We're still not sure what any of that has to do with a fence on the border with Mexico keeping Americans inside their country, when they could still drive to Canada, get on a plane to Paris or sail to St. Croix. But it got Paul through the answer.
On foreign policy, Romney and Perry wanted to stand with India, Cain wanted to stand with Israel (OK, they all wanted that), and Johnson had no issue with charter air flights to Cuba.
Bachmann then stepped in to point out the State Department still lists the Caribbean island nation as a state sponsor of terrorism.
Asked about sending troops if there's another crisis in Iraq, Santorum was in no mood to cut and run from Iraq or Afghanistan, which he said distinguishes him from Paul, Huntsman and Perry.
Baier tried to move on to social issues with Kelly, but Huntsman wanted to respond, closing with, "People are ready to bring our troops home,"
Santorum rolled over the top of Kelly again to say, "Just because our economy is sick, does not mean our country is sick, doesn't mean our values are sick. We're going to stand up for those values."
Huntsman continued with his argument about not trying to save other countries, which caused Kelly to dock him one social-issues question.
Santorum also got a hot-button question from a gay Army man in Iraq. In response, he stated that "sexual activity has no place in the military," and that he objected to using the military for social experimentation. He would also reinstate the recently rescinded "don't ask, don't tell" policy, he said, without penalizing those who'd come out under Obama's policy.
Wallace mentioned Cain was a survivor of stage-four colon and liver cancer, eliciting cheers and applause from both the audience and the candidates. Cain then recounted the speed and methods of his treatment and asserted that, if Obamacare had been in force then, bureaucratic delays would have cost him his life.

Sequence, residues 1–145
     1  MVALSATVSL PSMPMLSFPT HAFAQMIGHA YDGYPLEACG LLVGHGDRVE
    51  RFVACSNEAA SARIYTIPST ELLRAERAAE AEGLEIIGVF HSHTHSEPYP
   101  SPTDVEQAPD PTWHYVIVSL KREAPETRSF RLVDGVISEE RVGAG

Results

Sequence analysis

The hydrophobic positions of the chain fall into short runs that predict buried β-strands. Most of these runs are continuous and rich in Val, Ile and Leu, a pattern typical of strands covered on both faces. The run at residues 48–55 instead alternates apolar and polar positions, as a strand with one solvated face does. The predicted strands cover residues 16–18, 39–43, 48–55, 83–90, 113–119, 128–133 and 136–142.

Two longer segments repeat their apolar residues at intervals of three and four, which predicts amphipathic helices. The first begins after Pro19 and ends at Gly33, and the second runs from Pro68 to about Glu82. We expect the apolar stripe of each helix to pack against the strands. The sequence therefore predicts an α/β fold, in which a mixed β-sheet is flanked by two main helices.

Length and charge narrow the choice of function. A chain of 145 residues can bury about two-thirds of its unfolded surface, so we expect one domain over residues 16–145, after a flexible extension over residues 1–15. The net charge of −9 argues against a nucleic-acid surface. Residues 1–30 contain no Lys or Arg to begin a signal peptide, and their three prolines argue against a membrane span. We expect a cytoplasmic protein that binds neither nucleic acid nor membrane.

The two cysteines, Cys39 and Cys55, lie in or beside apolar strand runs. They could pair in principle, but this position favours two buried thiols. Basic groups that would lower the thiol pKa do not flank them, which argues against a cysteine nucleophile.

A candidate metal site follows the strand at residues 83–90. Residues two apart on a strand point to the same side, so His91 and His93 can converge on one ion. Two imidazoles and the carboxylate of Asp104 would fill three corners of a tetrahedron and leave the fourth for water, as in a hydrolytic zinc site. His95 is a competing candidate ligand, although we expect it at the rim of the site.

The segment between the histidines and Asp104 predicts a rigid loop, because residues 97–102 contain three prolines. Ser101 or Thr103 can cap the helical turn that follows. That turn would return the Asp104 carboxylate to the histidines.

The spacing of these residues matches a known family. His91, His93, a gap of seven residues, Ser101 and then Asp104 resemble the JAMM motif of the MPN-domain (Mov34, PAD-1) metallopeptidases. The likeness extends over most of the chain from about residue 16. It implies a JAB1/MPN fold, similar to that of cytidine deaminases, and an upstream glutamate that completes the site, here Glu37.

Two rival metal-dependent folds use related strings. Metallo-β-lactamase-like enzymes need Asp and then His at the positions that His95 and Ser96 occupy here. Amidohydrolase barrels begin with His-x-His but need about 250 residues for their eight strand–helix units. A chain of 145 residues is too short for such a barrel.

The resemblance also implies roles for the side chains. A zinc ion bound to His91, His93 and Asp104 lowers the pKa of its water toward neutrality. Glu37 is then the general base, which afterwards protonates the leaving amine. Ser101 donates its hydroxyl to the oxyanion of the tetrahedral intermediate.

Perry and Romney then had another go at each other over healthcare issues, each accusing the other of retreating from positions in their respective books, with each denying that was the case.
Romney answered Perry's attacks with "Nice try" a couple of times, and in regards to backing off of his book's claims, Perry said, "Not an inch, sir."
Nothing good is going on when men call each other "sir" during a disagreement.
Despite his smiles and elastic facial expressions, in each of these bouts of verbal fisticuffs with Romney, Perry came off as as defensive, irritated and less composed -- more belligerent than self-confident.
This may be because Romney has been running for president since well before the 2008 primaries and has never really stopped. And Perry is still relatively new to the national game. This is his third debate, and the new-guy grace period is rapidly running out.
Johnson picked fellow libertarian Paul; Santorum picked Gingrich; Perry wanted to create a Cain-Gingrich hybrid (an image Romney said would stick with him, along with Johnson's dogs); Gringrich, Paul, Romney and Bachmann picked nobody; Cain picked Gingrich; and Huntsman, peeved he couldn't have Wallace, went for Cain and sealed it with a handshake.
Overall, Johnson was feisty and amusing; Santorum was combative on principles; Gingrich tried to rise above it all; Bachmann was largely lost in the shuffle; Paul expressed great interest in moving up from third place; Perry had to keep swinging; Romney swung but still maintained an air of tolerant benevolence; Cain was charming and relaxed; and Huntsman was rather smug about his inevitable victory.
A transcript of the complete debate is available here. Next GOP debate Oct. 11 in Hanover, N.H.
-- Kate O'Hare
Media critic Kate O’Hare is a regular Ticket contributor. She also blogs about TV at Hot Cuppa TV and is a frequent contributor at entertainment news site Zap2it. Also follow O'Hare on Twitter @KateOH.
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Photo: Main screen at the Fox News/Google GOP debate; Rick Perry reacts to Mitt Romey's comment; on-screen quote from Ron Paul; Darrell Owens poses his YouTube question. Credit: Fox News (screenshots)